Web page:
The Powdercap Strangler.

The Earthy Powdercap Mushroom was minding its own business, living out a perfectly good mushroom life in Clumber Park, a pleasant, woodsy spot in Nottinghamshire, England. But it was in danger. A rare fungus was taking over—until, like a sci-fi alien erupting from a human chest, the bodysnatching fungus burst from the mushroom’s head.

These perfectly nice Powdercap mushrooms became victims of Squamanita paradoxa, the Powdercap Strangler, the Nottingham Post reports.

The Powdercap Strangler is a shadowy character. First discovered in 1948, in Oregon’s Mount Hood National Forest, the Strangler is rarely seen. It rears its actually pretty ugly head in parts of the U.S., Canada, and Europe, but everywhere it’s found, it’s an unusual sight. In the U.K., it’s only been found 23 times.

These particular Stranglers were found during a foraging expedition in the park, and identified by the British Mycological Association. The species was also seen in the U.K. in 2011.

The Powdercap is an orange mushroom, and even after the Strangler takes over, it retains an orange stem, to hold up its own grey head. As one mycologist puts it, the Strangler’s “mushroom erupts in place of the host’s mushroom.”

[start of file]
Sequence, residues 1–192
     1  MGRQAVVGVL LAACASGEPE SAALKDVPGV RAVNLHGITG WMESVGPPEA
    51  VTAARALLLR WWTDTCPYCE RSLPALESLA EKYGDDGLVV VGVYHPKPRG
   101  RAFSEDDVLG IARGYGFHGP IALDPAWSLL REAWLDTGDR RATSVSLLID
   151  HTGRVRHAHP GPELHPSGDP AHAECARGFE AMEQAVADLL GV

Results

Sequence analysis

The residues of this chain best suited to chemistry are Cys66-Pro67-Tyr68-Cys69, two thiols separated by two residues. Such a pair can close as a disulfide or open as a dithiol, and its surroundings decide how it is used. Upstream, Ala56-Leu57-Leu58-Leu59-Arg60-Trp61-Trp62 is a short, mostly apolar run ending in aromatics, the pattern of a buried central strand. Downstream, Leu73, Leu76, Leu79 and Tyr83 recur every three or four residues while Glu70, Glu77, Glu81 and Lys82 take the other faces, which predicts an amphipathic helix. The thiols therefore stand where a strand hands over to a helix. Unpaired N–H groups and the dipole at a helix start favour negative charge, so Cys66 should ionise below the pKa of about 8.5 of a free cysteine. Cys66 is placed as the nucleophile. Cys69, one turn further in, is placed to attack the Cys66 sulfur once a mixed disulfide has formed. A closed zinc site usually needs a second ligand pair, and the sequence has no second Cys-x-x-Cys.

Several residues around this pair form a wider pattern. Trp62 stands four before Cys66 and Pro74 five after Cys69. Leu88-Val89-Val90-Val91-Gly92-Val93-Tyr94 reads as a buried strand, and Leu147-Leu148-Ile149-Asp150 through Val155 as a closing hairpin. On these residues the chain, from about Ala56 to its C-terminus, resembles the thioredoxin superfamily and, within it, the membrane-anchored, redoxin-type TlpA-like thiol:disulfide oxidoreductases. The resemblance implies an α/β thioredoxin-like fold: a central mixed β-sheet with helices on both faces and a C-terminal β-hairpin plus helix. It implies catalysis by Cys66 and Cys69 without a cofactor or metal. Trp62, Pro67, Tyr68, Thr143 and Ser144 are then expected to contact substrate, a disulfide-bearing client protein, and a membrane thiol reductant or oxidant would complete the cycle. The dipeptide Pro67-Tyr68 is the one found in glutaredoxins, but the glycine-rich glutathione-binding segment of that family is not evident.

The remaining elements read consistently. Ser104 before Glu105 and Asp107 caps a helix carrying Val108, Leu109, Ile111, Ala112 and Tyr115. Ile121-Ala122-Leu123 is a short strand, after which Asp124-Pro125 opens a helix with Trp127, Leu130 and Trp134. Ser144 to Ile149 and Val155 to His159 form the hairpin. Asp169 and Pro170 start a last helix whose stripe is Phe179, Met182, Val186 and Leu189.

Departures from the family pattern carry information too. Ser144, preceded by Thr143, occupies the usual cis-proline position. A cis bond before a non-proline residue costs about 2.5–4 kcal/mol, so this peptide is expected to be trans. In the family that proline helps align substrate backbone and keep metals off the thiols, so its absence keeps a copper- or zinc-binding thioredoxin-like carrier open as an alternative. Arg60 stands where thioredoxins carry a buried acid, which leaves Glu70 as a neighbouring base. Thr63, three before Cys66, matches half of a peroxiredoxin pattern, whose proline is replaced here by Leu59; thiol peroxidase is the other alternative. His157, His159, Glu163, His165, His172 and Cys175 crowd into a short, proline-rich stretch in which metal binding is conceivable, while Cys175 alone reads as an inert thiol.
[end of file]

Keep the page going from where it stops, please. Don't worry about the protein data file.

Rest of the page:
Atlas Obscura has the full story.

While you’re there, don’t miss this very interesting story about The Secret History of Paris’s Catacomb Mushrooms.

A Parisian inspects mushrooms growing in the tunnels underneath the city. Documents Mairie de Paris-Inspection générale des Carrières/All Rights Reserved.


  1. says

    That history of Mushroom farming in old quarries is very interesting, but a part of me asks how much of the “unique flavor” of such grown mushrooms is real and how much is snobbery. And if it is real, how much of it has more to do with the shorter time spent in storage and transport than with actual location. But most importantly I am now hungry and have a hankering for mushrooms, which I am sure are NOT in the fridge.

  2. says

    You haven’t gone through all those shrooms you gathered yet, have you? As for the Parisian catacomb mushrooms, I don’t know, and I’d never be able to tell, I can’t stand cooked mushrooms. I expect it does have a great deal to do with the tradition and history, though.

  3. says

    We have dried mushrooms, but those take a lot of time to prepare, they have to soak 24 hours. But whith the full nose everything tastes like cardboard anyway.

  4. Raucous Indignation says

    I have a few warm spots in the basement. Is it difficult to grow your own mushrooms? I can never have enough.

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